Page last updated at 11:13 GMT, Friday, 6 February 2009

BBC 'sorry' over Bale swear gaffe

Advertisement

Breakfast hosts Charlie Stayt and Susanna Reid apologise

The BBC has apologised after an unedited clip of the leaked tape thought to be Christian Bale swearing was played on BBC One's Breakfast.

"A technical error led to us broadcasting an unacceptable swear word," said a spokeswoman.

Presenters Charlie Stayt and Susanna Reid gasped as the unbleeped clip of the Batman star's tirade went out.

A clearly stunned Reid said: "An enormous apology, that was definitely supposed to be edited."

'Reasonable'

Seconds earlier, Stayt had introduced the clip, saying "people may want to block their ears" because he expected it to be heavily bleeped.

The tape, of star Bale berating a colleague for ruining a shot on the set of Terminator Salvation, was leaked earlier this week.

FROM THE BBC WORLD SERVICE

The actor's outburst includes the use of the F-word 35 times in just over four minutes.

The tape was leaked to gossip website TMZ. Sony Pictures has refused to comment and Bale's agent has not returned calls.

Film director Darren Aronofsky, whose film The Wrestler is in the running at the Oscars, defended Bale's actions.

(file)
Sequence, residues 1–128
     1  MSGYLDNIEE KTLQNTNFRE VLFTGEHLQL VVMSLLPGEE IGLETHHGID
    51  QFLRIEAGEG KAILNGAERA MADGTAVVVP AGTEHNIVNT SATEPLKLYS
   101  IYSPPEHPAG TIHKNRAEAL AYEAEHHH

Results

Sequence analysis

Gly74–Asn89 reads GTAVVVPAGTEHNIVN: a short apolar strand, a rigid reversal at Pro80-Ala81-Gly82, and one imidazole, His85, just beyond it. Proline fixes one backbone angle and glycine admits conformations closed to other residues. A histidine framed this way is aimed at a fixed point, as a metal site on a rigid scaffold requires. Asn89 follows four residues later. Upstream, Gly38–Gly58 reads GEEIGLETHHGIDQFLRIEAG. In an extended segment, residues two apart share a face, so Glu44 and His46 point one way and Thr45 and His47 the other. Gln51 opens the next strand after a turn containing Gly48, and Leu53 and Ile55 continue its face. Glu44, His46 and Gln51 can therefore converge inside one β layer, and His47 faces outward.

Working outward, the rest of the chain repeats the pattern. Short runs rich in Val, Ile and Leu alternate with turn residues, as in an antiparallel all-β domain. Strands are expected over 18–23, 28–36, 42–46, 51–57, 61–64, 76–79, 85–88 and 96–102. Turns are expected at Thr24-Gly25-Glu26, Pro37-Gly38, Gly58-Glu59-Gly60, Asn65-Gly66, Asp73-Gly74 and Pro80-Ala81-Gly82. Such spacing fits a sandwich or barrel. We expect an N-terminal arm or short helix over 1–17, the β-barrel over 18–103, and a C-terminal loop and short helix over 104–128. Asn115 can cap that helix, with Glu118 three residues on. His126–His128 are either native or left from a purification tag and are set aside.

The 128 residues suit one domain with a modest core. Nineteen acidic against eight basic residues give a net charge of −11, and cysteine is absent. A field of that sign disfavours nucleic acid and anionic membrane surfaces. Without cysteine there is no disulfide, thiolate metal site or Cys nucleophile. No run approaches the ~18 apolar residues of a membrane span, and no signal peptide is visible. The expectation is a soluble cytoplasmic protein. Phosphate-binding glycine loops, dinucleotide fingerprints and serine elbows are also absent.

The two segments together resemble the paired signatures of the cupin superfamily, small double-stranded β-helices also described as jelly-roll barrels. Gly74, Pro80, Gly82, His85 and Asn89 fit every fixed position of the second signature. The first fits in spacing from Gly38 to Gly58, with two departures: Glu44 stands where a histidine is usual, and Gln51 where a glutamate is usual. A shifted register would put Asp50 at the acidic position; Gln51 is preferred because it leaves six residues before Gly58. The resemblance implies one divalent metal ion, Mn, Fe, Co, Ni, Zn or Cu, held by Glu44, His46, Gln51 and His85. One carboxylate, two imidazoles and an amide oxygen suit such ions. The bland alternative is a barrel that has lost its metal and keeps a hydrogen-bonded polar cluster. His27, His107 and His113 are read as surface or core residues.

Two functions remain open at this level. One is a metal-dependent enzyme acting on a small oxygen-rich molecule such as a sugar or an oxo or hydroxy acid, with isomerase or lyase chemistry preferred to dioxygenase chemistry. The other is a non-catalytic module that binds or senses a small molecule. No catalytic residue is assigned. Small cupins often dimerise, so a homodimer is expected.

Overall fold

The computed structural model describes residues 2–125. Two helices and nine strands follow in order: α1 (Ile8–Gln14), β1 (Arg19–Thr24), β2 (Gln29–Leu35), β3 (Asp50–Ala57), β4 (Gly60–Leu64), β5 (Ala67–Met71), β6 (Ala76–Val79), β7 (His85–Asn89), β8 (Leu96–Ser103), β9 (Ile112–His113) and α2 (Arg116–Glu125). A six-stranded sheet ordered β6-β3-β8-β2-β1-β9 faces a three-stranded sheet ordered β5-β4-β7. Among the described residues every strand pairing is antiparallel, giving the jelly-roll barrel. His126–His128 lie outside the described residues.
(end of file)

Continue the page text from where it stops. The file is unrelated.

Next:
He called the star's tirade "reasonable" and said: "I don't think he was out of line."

"Sets are very, very high-powered places where things go awry all the time and emotions are high.

"He could have been doing a deeply, deeply intense emotional scene," added the film-maker.

Print Sponsor


SEE ALSO
Wrestler director supports Bale
05 Feb 09 |  Entertainment
Star Bale 'taped in angry rant'
04 Feb 09 |  Entertainment
Bale 'to make three Terminators'
21 May 08 |  Entertainment
No assault charge for Batman Bale
14 Aug 08 |  Entertainment
When calm beats angry
06 Feb 09 |  Today


FEATURES, VIEWS, ANALYSIS
Has China's housing bubble burst?
How the world's oldest clove tree defied an empire
Why Royal Ballet principal Sergei Polunin quit

BBC navigation

BBC © 2014 The BBC is not responsible for the content of external sites. Read more.

This page is best viewed in an up-to-date web browser with style sheets (CSS) enabled. While you will be able to view the content of this page in your current browser, you will not be able to get the full visual experience. Please consider upgrading your browser software or enabling style sheets (CSS) if you are able to do so.

Americas Africa Europe Middle East South Asia Asia Pacific